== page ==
However, with efforts of reconciliation, in-depth psychological examinations for potential priests, and a more open approach to the culture and traditions of Indigenous peoples, Thorson says the Oblates are working to heal those scars.
“For a long time, we were a part of the colonial effort – even if we wouldn’t have called it that, we were. And now we understand that our place is walking with the First Nations people as allies, as Christian brothers and sisters,” he said.
“There’s a much greater focus on walking together – to learn with them who God is, who they are and how their culture and traditions shape their faith and practice.”
That vision of journeying side by side was reflected in the installation at Sacred Heart Church, which has a mandate to serve the Indigenous population across the Edmonton area. Chief Tony Alexis of Alexis Nakota
Sioux Nation noted the history the Oblates have had with his people, as well as the perseverance and spirit it takes to be a good leader.
“There may be times when everything around you is falling apart, but as a leader people are called to look upon you and you must have strength,” Alexis said. “The only place you get that strength is through God.”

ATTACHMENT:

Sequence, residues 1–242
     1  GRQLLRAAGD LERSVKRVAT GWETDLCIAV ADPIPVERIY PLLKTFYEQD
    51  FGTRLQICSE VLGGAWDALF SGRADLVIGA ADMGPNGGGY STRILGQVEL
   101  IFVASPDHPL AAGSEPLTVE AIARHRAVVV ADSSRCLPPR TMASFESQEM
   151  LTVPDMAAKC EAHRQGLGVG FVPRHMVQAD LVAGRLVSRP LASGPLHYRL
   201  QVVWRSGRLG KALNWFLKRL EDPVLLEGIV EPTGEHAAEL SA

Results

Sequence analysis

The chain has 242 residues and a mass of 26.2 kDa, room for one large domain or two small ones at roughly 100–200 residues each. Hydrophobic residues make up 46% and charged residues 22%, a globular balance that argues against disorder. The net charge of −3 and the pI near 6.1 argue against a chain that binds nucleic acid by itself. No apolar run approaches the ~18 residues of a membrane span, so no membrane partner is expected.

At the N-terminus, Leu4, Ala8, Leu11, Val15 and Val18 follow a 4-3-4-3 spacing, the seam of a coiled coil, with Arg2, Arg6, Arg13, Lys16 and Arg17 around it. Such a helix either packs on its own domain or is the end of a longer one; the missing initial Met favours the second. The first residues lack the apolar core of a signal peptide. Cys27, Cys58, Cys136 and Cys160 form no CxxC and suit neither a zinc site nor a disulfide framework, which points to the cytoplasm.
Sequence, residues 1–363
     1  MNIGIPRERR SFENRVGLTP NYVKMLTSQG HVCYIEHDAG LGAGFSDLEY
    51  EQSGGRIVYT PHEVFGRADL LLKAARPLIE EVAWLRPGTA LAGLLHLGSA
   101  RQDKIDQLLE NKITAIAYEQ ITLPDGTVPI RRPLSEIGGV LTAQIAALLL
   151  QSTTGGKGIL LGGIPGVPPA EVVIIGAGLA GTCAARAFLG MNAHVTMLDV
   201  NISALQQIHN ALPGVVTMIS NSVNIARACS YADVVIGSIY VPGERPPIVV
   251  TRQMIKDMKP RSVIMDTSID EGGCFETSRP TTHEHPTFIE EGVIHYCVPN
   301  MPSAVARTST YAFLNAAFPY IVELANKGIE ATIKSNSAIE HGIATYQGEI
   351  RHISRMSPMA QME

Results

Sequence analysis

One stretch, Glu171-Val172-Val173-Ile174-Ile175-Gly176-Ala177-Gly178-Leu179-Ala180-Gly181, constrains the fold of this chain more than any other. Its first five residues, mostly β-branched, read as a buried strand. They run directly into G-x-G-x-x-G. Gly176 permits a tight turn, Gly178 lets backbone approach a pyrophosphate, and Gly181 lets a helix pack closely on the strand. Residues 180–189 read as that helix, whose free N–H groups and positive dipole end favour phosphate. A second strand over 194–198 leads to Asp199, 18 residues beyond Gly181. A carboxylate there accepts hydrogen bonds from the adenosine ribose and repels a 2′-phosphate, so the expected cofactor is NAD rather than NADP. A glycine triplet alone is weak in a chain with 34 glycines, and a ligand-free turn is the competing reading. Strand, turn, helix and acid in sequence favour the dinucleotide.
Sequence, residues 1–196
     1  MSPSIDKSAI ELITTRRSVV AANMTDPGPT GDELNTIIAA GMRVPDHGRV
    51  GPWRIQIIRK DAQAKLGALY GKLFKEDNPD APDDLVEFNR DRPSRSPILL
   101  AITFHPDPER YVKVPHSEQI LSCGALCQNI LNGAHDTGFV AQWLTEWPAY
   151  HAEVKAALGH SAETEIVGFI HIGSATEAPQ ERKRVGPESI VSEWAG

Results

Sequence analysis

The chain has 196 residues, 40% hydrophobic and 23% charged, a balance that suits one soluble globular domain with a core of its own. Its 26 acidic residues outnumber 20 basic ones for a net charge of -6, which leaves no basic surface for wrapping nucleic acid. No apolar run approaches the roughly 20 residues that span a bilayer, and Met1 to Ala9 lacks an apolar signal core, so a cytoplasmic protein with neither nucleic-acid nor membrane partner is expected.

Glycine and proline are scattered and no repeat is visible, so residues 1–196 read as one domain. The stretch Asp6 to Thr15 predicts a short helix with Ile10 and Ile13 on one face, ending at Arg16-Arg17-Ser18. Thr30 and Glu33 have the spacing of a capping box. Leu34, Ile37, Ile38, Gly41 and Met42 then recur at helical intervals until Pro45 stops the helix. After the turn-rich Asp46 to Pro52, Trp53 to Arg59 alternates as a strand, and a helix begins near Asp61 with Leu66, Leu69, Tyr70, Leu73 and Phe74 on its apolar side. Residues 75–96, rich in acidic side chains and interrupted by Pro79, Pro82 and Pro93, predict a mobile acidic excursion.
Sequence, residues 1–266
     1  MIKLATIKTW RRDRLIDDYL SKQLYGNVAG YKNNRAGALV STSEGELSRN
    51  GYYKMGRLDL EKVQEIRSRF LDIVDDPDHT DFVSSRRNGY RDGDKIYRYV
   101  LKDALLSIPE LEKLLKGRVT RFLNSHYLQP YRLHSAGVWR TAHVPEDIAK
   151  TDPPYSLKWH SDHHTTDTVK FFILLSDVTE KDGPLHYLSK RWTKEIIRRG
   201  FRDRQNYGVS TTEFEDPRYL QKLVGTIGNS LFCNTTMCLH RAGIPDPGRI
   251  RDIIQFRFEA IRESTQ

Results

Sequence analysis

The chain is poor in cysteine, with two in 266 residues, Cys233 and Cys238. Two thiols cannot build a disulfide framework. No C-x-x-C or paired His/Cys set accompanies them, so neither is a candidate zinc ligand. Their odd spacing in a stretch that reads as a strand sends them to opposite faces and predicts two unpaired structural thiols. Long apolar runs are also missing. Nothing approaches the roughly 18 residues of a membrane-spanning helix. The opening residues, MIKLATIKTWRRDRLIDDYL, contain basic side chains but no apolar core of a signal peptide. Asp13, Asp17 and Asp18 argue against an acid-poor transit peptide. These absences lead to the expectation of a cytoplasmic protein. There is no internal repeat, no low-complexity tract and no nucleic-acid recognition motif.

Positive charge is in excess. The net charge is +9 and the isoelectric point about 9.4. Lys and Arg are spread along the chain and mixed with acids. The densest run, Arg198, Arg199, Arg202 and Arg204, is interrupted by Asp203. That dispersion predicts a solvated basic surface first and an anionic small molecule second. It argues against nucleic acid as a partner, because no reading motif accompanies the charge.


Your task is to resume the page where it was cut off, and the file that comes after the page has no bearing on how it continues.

For his three-year term as Provincial Superior, which can be renewed, Thorson plans first and foremost to meet with his brother priests and their communities. He sees his initial year as a time to understand better the order’s challenges.
“What I want to accomplish at this time, I wouldn’t say much beyond this – to ask good, thorough questions and get a better sense of how God is calling us, with our significant but limited resources,” Thorson said.
“Rather than offer a message to the communities we Oblates serve, I’d prefer to offer an invitation. That invitation would be to pray for us as leadership, to pray that we will always seek God’s will, especially through the voices of the people we serve.”
Thorson takes over the role of Provincial Superior from Rev. Ken Forster, who served for six years.